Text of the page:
GENEVA (23 September 2021) – Under international human rights law, States must ensure sexual and reproductive health services, including modern forms of contraception, and information and education on family planning.
Ahead of the World Contraception Day on 26 September, the experts* issued the following statement:
“Access to family planning and contraception services, free of coercion or impediment, is a component of the right to health that is central to women’s autonomy and agency and key in the realization of women’s rights to equality and non-discrimination, life, sexual and reproductive health rights and other human rights.”
States must respect and protect key principles of non-discrimination, equality and privacy, as well as bodily integrity, autonomy, dignity and well-being of individuals, especially in relation to sexual and reproductive health rights.
Contraceptives enable women and adolescent girls to exercise their right to decide whether to be pregnant, the number and spacing of their children and to have pleasurable and safe sexual experiences without the risk of unintended pregnancies. Contraception also improves the socioeconomic opportunities for women and open up more educational opportunities for adolescent girls.
Globally, more women (or their partners) are using contraceptive methods today than ever before. Despite great progress in extending family planning in the past decades, access to contraceptives is still insufficient and uneven.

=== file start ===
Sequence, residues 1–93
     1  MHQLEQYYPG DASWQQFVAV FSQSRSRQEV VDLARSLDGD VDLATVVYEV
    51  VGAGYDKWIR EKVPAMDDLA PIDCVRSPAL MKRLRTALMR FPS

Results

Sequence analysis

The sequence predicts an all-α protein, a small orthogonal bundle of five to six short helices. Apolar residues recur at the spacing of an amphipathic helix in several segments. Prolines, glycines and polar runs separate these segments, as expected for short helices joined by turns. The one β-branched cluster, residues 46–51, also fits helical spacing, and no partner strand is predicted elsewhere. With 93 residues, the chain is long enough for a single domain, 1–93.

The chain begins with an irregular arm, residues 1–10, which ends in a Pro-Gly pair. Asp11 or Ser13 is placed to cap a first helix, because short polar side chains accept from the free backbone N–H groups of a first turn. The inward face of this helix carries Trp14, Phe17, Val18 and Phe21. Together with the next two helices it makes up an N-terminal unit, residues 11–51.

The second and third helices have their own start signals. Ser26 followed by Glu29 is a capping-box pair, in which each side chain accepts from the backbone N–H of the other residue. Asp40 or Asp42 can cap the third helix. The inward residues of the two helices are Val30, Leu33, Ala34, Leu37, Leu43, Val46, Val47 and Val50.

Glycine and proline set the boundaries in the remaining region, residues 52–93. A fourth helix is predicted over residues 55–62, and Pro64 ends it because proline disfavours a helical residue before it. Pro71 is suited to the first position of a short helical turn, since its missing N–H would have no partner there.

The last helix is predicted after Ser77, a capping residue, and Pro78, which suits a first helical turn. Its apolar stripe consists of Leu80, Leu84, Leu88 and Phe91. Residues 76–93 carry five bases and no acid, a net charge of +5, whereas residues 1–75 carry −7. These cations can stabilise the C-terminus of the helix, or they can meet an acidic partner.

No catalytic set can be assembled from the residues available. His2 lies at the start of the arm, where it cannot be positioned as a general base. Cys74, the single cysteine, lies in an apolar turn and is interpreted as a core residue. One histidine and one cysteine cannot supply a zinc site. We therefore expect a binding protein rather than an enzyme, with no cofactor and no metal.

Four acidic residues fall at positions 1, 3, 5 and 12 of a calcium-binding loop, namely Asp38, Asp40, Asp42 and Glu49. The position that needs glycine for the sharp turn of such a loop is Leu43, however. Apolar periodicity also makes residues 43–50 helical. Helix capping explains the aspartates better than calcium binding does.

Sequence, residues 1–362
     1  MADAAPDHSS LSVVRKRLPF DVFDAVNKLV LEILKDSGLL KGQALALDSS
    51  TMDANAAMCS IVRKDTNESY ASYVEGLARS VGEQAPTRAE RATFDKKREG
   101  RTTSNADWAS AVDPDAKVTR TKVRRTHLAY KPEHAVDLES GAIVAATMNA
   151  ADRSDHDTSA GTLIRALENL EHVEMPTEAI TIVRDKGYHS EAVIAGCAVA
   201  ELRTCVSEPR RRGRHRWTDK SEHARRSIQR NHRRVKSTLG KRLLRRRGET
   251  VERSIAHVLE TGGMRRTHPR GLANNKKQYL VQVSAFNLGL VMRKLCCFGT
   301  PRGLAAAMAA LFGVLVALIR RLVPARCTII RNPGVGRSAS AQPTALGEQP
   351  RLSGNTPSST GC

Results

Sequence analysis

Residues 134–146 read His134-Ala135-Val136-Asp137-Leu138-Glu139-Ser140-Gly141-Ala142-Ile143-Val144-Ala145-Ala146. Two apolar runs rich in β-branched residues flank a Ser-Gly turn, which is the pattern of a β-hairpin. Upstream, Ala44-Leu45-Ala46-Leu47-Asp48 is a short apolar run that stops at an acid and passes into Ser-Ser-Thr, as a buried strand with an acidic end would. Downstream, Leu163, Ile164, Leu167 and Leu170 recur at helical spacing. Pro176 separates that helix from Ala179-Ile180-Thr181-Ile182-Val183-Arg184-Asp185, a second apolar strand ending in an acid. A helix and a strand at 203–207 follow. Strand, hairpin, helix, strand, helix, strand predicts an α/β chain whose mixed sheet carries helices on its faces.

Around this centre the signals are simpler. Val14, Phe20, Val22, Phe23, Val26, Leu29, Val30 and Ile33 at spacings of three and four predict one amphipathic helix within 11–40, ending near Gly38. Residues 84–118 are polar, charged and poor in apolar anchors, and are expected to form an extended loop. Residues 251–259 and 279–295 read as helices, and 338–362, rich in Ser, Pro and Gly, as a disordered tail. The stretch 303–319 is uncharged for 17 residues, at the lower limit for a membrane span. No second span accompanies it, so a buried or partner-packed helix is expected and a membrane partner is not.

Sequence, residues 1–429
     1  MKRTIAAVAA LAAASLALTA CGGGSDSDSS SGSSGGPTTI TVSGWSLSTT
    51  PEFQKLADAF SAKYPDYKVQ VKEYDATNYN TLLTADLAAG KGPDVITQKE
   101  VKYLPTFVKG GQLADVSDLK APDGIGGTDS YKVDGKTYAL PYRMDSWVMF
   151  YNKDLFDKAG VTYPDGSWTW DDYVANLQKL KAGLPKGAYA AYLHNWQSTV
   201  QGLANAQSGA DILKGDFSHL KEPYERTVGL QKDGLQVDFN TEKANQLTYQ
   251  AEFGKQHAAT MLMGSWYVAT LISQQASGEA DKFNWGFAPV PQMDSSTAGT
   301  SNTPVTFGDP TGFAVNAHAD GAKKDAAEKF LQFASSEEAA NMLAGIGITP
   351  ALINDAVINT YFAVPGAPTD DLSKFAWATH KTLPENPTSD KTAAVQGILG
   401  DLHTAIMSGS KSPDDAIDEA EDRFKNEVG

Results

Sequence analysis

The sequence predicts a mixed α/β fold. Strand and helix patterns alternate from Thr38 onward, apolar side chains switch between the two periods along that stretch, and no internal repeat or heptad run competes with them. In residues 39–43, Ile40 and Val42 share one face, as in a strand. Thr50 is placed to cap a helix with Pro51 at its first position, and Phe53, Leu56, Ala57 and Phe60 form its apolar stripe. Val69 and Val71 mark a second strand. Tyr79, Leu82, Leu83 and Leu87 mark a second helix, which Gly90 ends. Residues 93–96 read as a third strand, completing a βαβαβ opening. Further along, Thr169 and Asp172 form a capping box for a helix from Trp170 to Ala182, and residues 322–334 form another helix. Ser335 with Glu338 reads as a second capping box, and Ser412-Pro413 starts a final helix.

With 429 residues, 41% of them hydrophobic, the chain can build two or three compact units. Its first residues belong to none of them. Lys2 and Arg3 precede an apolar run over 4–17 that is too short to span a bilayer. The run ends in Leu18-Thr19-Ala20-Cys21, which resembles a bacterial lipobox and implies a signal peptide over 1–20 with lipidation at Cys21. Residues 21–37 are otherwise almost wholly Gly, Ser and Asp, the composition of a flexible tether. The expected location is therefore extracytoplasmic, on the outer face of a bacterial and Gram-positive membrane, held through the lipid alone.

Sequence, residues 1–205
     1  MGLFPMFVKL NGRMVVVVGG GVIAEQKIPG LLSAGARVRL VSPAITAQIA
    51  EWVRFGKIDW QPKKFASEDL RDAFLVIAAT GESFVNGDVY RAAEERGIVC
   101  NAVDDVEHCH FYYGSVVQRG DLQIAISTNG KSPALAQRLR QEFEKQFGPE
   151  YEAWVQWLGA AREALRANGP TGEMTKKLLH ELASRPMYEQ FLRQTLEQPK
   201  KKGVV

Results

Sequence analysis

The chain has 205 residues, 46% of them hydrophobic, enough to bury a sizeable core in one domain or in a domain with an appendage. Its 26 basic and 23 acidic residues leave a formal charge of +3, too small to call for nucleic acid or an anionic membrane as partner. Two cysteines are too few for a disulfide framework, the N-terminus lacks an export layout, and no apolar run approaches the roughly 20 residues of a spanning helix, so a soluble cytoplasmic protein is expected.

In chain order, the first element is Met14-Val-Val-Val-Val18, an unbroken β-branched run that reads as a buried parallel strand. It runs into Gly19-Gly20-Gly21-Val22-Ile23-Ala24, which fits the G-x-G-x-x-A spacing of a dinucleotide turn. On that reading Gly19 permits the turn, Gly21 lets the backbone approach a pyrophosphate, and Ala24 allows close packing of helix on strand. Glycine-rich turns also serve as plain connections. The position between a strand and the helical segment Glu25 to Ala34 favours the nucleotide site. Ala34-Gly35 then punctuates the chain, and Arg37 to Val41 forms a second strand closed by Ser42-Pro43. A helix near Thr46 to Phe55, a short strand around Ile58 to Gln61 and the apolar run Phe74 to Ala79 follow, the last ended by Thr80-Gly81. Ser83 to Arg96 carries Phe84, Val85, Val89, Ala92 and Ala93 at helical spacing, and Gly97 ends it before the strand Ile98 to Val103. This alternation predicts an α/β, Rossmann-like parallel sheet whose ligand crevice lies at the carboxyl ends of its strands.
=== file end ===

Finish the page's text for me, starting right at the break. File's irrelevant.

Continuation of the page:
One in ten women of reproductive age – some 270 million according to WHO estimates – have an unmet need for family planning and more than 200 million women who want to avoid pregnancy are not using modern contraception due to a range of barriers.
While contraceptive use varies across regions and women living in low and lower-middle-income countries face greater obstacles in meeting their contraception needs, access to contraception is difficult and full of barriers for women across regions experiencing multiple and intersecting forms of discrimination, such as immigrants, women with disabilities, low-income women, and lesbian women and sex workers. For instance, Women of African descent often have difficulty accessing modern contraception methods.
In the context of COVID-19 pandemic, women and adolescent girls have been placed in heightened direct and indirect risks of unwanted and unsupportable pregnancy as a result of lockdowns, service disruptions, stockouts, financial hardships and an increased risk of in gender based violence, including sexual violence. One year into the pandemic, 12 million women may have lost access to contraception, and 1.4 million unintended pregnancies may have occurred during 2020 across 115 low and middle income countries, according to UNFPA estimates. These constraints have emerged in addition to the chronic obstacles including lack of access to information on contraception, lack of comprehensive sexuality education as well as harmful gender stereotypes and norms.